When Polemics and Politics Meet

Every election year in America, evangelicals rush to ask and answer political questions. Many go along the lines of endorsing candidates while others try to be as vague as possible. As Christians, we are admonished to “test everything”. How do we test political statements in the light of Scripture?

First of all, there are some things that the Bible is silent on in the realm of politics. For example, God never inspired any Scriptures about the amount of ethanol in gas or whether or not GMOs should be labeled. To try to practice theological discernment on these things would be a waste of time because the Bible simply does not speak on these things. However, there are things the Bible does speak on. If a theologian were to endorse a candidate that supports abortion, that would definitely bring to question how sound that teacher is. Similarly, if a pastor were to advocate for the redefining of marriage or endorse a politician who does, that would be a reason for concern.

Another time when you should discern what people are saying is when they go as far as to say someone is a Christian just because they like their policies. If a Roman Catholic runs for office and you notice that someone has called him a Christian despite Roman Catholicism being a cult, that is an issue. Similarly, if one candidate is a Mormon and people go as far as to hide what they’ve said about Mormonism in the past, we should be cautioned as to the discernment of these people. To Christianize any candidate that has proven they aren’t Christian by their words or deeds, whether you vote for them or not, is wrong and something that should cause us to be cautioned.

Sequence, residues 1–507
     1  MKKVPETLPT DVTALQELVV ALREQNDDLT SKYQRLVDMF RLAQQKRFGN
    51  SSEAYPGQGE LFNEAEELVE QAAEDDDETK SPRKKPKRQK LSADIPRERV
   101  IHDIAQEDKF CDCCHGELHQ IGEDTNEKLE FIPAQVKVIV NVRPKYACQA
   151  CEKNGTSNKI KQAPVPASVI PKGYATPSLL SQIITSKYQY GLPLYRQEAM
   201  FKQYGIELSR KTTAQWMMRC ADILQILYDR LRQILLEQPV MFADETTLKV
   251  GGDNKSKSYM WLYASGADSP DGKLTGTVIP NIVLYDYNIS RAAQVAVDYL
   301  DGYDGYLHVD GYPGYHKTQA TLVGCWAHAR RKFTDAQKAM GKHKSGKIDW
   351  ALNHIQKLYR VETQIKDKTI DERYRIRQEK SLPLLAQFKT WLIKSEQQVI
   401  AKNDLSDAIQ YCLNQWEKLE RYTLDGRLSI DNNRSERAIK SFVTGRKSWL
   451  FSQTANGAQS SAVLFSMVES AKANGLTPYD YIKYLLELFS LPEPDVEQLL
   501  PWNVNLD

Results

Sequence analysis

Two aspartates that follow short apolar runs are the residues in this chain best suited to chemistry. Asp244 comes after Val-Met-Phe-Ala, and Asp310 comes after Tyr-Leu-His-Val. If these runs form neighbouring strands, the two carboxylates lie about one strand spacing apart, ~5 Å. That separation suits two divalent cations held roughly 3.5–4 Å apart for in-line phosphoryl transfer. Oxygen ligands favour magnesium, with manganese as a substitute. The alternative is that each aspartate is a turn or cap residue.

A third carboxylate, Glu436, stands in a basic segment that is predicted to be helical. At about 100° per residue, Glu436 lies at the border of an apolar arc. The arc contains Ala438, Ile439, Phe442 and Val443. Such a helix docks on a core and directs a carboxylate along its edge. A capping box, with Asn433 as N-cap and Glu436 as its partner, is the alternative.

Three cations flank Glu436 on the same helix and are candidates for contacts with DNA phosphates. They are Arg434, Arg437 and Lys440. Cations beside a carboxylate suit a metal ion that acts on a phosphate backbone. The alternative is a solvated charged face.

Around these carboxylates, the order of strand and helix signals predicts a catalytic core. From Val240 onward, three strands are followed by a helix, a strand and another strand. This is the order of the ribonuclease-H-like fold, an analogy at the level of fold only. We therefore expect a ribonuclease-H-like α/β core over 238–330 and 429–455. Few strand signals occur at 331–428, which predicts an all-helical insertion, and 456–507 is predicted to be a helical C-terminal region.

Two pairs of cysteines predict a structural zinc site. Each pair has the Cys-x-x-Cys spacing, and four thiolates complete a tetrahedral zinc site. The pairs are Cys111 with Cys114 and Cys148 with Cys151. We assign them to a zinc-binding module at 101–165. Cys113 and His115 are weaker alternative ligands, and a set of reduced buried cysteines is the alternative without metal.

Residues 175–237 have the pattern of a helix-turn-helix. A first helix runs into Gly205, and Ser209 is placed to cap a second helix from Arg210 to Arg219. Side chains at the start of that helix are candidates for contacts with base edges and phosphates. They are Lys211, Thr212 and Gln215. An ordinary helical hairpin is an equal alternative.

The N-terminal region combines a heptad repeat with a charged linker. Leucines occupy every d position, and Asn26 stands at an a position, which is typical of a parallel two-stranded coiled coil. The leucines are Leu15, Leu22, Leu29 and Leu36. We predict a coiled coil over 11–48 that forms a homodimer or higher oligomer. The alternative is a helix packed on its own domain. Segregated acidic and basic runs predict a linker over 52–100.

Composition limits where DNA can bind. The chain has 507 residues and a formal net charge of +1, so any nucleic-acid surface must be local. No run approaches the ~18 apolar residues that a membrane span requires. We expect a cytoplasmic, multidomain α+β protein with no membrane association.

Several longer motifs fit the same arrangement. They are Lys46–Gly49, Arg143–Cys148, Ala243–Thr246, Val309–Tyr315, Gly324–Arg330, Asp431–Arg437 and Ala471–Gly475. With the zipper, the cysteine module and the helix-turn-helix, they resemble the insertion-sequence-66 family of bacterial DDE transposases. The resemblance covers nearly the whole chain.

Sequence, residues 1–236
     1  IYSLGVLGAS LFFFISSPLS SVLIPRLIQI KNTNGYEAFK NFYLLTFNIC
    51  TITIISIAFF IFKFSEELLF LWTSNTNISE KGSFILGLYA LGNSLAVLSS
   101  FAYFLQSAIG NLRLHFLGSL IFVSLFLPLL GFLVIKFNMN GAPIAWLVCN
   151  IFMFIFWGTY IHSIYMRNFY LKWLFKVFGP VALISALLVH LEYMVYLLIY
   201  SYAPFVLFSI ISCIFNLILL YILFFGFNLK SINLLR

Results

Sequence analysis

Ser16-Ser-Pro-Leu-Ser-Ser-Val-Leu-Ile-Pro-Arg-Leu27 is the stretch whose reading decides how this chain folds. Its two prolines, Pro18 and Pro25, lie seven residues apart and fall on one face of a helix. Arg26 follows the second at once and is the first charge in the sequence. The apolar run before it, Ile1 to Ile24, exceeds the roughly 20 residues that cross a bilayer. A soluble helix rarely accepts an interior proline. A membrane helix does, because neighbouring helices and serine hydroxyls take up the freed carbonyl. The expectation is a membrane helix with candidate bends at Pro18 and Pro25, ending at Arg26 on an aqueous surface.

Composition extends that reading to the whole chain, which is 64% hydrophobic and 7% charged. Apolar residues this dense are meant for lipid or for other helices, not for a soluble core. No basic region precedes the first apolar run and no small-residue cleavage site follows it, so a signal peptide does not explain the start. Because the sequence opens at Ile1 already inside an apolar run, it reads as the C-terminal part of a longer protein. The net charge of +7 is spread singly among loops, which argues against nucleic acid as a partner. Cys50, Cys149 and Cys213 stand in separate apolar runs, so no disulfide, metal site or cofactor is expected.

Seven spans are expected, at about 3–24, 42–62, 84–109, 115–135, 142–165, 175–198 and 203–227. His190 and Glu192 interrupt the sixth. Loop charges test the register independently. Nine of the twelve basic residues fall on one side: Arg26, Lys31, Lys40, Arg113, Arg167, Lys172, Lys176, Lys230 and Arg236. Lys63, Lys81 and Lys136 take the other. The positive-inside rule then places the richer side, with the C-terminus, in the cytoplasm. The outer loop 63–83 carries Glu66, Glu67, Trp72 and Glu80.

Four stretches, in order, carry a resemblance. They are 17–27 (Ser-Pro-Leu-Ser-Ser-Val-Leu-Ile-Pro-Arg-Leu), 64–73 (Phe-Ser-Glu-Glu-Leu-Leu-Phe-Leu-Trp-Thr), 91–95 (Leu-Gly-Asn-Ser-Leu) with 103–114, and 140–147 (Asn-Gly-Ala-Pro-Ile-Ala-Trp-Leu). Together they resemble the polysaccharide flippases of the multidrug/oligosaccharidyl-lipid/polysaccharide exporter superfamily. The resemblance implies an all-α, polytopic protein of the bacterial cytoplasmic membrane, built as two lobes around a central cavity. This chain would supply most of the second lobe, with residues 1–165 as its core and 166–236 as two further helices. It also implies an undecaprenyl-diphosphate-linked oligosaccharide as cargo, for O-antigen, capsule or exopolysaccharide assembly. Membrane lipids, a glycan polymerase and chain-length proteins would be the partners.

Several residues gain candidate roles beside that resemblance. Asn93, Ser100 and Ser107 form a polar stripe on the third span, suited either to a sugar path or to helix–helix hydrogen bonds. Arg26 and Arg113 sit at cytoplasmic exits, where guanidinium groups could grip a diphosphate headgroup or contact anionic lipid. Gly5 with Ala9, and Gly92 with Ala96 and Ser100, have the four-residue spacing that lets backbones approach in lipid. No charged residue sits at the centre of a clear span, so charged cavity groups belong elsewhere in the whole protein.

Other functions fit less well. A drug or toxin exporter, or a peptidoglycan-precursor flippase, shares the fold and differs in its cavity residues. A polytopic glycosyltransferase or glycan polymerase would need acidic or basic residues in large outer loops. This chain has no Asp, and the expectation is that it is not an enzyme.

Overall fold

Another place where we must discern someone’s political views is when they hold a theocratic view. Theocrats tend to be given to unsound views of God’s law. Many of them hold to Dominionism–the belief that it is a Christian duty to take control of culture through the seven mountains of education, family, religion, business, entertainment, media, and politics. A lot of them further fall into the ditch of Theonomy, which basically claims that Israel’s Mosaic Civil Law is still binding. These concerns must also be considered.

In discernment, there is a time when one’s political views must be examined and there is a time when they are irrelevant. What someone believes that the legal driving age should be raised to 18 or lowered to 15, that has no bearing on theology and is not something that’d be worth theological discernment. However, when someone endorses a candidate who wants to legalize murder, advocates for that legalized murder themselves, or draws their theology from bad politics to get bad theology, those are all things that need to be discerned against, warned about, and rebuked.

[Contributed by Brandon Hines]

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Brandon Hines

Brandon is a young writer and polemicist. He contributes to Pulpit & Pen as well as runs his own website at LearningthePath.weebly.com.